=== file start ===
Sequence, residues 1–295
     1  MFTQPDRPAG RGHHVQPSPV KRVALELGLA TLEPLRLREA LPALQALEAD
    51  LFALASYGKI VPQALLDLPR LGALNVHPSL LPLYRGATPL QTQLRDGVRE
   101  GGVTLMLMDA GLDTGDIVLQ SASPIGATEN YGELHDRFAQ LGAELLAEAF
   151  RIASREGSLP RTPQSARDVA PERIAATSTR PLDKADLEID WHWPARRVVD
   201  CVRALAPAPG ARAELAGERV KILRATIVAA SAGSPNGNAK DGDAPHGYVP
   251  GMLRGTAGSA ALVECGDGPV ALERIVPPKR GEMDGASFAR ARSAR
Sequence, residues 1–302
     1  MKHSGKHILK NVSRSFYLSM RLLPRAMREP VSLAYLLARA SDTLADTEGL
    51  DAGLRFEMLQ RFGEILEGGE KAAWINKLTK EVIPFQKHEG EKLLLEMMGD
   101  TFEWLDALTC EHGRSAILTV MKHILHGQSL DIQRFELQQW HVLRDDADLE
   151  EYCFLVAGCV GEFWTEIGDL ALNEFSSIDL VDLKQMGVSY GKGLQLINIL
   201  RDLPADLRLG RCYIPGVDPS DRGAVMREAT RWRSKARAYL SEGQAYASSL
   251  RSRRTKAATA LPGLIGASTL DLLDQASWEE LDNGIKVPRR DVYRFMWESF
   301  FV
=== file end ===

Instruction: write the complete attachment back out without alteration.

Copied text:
Sequence, residues 1–295
     1  MFTQPDRPAG RGHHVQPSPV KRVALELGLA TLEPLRLREA LPALQALEAD
    51  LFALASYGKI VPQALLDLPR LGALNVHPSL LPLYRGATPL QTQLRDGVRE
   101  GGVTLMLMDA GLDTGDIVLQ SASPIGATEN YGELHDRFAQ LGAELLAEAF
   151  RIASREGSLP RTPQSARDVA PERIAATSTR PLDKADLEID WHWPARRVVD
   201  CVRALAPAPG ARAELAGERV KILRATIVAA SAGSPNGNAK DGDAPHGYVP
   251  GMLRGTAGSA ALVECGDGPV ALERIVPPKR GEMDGASFAR ARSAR
Sequence, residues 1–302
     1  MKHSGKHILK NVSRSFYLSM RLLPRAMREP VSLAYLLARA SDTLADTEGL
    51  DAGLRFEMLQ RFGEILEGGE KAAWINKLTK EVIPFQKHEG EKLLLEMMGD
   101  TFEWLDALTC EHGRSAILTV MKHILHGQSL DIQRFELQQW HVLRDDADLE
   151  EYCFLVAGCV GEFWTEIGDL ALNEFSSIDL VDLKQMGVSY GKGLQLINIL
   201  RDLPADLRLG RCYIPGVDPS DRGAVMREAT RWRSKARAYL SEGQAYASSL
   251  RSRRTKAATA LPGLIGASTL DLLDQASWEE LDNGIKVPRR DVYRFMWESF
   301  FV